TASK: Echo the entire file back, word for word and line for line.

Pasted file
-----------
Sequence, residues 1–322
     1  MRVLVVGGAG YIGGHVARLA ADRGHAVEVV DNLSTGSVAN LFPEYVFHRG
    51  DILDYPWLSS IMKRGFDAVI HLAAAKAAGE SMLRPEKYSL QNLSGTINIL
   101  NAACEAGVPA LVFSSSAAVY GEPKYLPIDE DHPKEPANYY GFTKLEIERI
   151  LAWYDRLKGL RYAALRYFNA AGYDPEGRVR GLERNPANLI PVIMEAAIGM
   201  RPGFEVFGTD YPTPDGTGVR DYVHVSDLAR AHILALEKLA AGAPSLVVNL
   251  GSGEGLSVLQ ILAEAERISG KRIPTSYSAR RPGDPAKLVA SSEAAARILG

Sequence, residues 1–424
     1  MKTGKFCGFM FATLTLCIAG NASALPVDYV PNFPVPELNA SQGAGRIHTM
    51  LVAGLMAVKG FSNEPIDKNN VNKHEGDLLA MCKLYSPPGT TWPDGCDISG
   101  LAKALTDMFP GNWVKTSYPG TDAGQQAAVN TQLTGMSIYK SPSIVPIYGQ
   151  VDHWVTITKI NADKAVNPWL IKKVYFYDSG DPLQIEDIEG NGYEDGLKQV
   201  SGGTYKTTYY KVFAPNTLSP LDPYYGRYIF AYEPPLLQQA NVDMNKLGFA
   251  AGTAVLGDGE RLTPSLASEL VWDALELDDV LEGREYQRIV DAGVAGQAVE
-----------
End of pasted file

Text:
Sequence, residues 1–322
     1  MRVLVVGGAG YIGGHVARLA ADRGHAVEVV DNLSTGSVAN LFPEYVFHRG
    51  DILDYPWLSS IMKRGFDAVI HLAAAKAAGE SMLRPEKYSL QNLSGTINIL
   101  NAACEAGVPA LVFSSSAAVY GEPKYLPIDE DHPKEPANYY GFTKLEIERI
   151  LAWYDRLKGL RYAALRYFNA AGYDPEGRVR GLERNPANLI PVIMEAAIGM
   201  RPGFEVFGTD YPTPDGTGVR DYVHVSDLAR AHILALEKLA AGAPSLVVNL
   251  GSGEGLSVLQ ILAEAERISG KRIPTSYSAR RPGDPAKLVA SSEAAARILG

Sequence, residues 1–424
     1  MKTGKFCGFM FATLTLCIAG NASALPVDYV PNFPVPELNA SQGAGRIHTM
    51  LVAGLMAVKG FSNEPIDKNN VNKHEGDLLA MCKLYSPPGT TWPDGCDISG
   101  LAKALTDMFP GNWVKTSYPG TDAGQQAAVN TQLTGMSIYK SPSIVPIYGQ
   151  VDHWVTITKI NADKAVNPWL IKKVYFYDSG DPLQIEDIEG NGYEDGLKQV
   201  SGGTYKTTYY KVFAPNTLSP LDPYYGRYIF AYEPPLLQQA NVDMNKLGFA
   251  AGTAVLGDGE RLTPSLASEL VWDALELDDV LEGREYQRIV DAGVAGQAVE